Just as we leave home with our buckets and spades, FindLaw UK launches. Originally an independent site where you could … well … find (US) law, FindLaw has been part of the Thomson Reuters empire for some years now and the UK site, like it’s US cousin, is “primarily a collection of free legal resources for consumers”; in other words it’s a site designed to drive consumers into the arms of lawyers.
It includes many helpful articles with free legal information; a question-and-answer community forum; news feeds provided by Reuters; and tools to help consumers find a solicitor to assist them with their legal issue via FindLaw UK’s Contact Law service. FindLaw UK also reaches out to the legal professional audience, with a Solicitor Marketing area discussing tools and strategies for solicitors to enhance their online presence.
With over 5000 pages of content already in place, FindLaw UK is ready for its new audience. Legal consumers in the UK are seeking more extensive and reliable legal information from the Internet, beyond that available from an array of existing sites that contain largely leaflet information. The site will fill what consumers perceive to be a void in quality, free, UK-focused legal content.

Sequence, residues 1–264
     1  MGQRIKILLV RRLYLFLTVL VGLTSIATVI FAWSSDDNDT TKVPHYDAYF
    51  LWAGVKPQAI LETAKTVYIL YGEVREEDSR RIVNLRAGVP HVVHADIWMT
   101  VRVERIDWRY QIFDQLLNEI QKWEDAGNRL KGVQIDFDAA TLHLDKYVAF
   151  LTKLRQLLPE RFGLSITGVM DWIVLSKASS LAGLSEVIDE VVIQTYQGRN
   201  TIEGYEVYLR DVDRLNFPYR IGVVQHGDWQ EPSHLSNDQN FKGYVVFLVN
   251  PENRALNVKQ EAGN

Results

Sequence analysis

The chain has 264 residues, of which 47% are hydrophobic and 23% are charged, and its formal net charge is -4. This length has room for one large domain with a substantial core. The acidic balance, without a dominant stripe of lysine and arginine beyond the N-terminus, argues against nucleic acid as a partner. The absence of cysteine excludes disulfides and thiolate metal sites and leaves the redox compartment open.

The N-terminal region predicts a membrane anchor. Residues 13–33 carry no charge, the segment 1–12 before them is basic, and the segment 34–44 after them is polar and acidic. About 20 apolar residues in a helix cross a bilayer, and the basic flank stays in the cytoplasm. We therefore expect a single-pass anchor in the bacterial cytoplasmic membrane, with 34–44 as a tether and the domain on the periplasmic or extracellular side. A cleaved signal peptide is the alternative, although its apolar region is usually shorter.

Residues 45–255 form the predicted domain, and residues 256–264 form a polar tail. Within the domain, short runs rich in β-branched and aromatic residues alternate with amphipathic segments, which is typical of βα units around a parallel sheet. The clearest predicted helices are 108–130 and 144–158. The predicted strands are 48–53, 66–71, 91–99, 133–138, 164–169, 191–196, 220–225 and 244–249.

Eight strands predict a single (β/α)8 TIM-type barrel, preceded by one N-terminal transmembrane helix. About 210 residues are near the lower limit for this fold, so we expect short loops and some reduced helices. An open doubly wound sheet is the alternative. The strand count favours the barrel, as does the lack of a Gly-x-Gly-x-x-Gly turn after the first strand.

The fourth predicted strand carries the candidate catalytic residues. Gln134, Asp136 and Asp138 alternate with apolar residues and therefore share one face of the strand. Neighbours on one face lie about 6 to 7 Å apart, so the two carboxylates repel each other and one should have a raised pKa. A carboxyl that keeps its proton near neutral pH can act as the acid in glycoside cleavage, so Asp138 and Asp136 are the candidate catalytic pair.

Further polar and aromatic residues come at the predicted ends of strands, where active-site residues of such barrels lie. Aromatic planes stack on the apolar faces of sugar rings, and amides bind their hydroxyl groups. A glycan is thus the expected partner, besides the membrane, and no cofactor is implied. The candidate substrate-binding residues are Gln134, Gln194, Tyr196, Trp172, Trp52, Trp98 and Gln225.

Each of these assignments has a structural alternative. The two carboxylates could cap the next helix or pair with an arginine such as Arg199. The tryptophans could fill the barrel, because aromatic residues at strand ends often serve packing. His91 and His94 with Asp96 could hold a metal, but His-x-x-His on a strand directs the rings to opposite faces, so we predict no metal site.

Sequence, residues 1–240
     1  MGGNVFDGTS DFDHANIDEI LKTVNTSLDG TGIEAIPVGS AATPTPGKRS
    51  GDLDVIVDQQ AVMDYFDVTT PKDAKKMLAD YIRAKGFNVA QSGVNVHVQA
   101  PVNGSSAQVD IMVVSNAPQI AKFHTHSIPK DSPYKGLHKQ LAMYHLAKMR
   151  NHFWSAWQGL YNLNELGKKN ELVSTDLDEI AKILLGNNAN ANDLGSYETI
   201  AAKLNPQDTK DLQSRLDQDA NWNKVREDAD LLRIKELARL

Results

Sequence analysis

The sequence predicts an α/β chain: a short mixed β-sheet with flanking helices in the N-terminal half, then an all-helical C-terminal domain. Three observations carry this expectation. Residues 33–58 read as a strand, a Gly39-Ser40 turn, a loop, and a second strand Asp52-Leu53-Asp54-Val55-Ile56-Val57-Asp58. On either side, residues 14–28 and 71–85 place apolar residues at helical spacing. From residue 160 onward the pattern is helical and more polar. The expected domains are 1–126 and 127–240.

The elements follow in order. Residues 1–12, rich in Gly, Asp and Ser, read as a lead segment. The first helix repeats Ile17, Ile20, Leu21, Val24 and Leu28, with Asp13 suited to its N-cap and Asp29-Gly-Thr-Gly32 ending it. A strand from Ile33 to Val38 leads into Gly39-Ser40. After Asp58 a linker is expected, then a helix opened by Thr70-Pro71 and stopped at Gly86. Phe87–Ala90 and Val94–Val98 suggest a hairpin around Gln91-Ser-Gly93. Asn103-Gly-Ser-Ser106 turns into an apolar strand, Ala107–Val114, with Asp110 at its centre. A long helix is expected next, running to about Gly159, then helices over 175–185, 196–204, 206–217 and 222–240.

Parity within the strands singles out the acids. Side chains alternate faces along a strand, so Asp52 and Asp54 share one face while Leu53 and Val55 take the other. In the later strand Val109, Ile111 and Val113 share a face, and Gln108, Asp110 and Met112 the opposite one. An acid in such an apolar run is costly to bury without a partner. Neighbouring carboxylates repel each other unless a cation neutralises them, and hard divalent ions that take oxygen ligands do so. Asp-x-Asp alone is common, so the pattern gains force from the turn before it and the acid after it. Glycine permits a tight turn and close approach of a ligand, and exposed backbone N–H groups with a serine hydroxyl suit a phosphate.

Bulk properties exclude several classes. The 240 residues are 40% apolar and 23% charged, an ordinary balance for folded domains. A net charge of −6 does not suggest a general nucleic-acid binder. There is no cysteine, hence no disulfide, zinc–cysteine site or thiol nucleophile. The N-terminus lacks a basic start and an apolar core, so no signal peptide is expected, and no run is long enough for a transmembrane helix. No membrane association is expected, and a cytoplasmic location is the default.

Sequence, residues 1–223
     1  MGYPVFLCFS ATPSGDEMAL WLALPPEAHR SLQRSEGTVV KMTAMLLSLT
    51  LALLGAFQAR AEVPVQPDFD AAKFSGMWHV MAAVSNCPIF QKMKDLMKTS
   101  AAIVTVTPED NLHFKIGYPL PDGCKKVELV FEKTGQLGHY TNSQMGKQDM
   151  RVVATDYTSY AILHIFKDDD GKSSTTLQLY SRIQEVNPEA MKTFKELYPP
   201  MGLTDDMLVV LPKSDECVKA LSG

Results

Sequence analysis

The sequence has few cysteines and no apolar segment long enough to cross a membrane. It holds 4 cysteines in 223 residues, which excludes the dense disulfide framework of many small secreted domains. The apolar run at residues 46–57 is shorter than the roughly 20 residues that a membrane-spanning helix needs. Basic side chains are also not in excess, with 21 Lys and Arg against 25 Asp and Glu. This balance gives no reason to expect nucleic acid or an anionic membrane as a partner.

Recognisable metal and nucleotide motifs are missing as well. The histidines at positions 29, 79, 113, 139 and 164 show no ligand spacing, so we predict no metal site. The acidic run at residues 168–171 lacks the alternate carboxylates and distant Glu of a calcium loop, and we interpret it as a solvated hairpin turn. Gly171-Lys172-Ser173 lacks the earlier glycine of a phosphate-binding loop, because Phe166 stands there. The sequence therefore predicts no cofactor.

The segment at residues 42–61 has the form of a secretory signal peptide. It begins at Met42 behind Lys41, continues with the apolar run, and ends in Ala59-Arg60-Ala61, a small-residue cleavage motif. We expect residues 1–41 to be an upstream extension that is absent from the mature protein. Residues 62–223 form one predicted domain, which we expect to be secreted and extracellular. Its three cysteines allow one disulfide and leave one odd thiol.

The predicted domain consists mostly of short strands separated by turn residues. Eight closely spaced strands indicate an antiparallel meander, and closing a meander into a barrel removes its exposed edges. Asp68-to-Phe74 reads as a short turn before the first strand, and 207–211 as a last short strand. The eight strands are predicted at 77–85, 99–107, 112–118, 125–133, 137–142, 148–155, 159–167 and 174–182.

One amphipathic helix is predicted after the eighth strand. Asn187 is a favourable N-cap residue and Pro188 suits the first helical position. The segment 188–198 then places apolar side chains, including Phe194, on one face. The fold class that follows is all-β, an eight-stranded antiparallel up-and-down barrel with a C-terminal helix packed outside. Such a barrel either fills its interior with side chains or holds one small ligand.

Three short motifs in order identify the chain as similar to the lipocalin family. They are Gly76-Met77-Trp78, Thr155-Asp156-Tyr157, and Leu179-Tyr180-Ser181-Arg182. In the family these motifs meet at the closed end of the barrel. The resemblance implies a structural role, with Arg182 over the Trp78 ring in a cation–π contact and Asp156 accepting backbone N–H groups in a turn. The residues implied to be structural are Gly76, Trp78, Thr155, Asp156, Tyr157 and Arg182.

The content developed for FindLaw UK focuses on the legal topic areas most sought after by UK legal consumers, including employment, personal finance, and community issues. The site’s content is arranged around life events like getting married or buying property, rather than strictly by legal practice area, to help consumers narrow their search more quickly. And of course, as with FindLaw.com, FindLaw.co.uk will be a living online destination that continues to grow over time.
FindLaw UK expands upon the work of FindLaw’s Solicitor blog, which has been keeping consumers informed on relevant UK law for more than a year and a half now. With the new site we look forward to expanding our UK audience to reach the many consumers seeking legal information, or a quality solicitor.
On the plus side it has been professionally put together for FindLaw by Robert Clarkson and his team. The blog is well written, the articles are sensibly selected from (in the main) public sources and the the FindLaw team provides competent answers to forum questions rather than leaving the blind to lead the blind.
But it’s uninspiring and unoriginal and will add little to human web-happiness. Let’s be honest this site exists to churn out “good” content which will be well regarded by Google, attracting punters who won’t find answers on the site but many of whom will ultimately use the Contact Law (or other) service on the site thus earning FindLaw commissions.
At least there are no embarrassing splogs yet.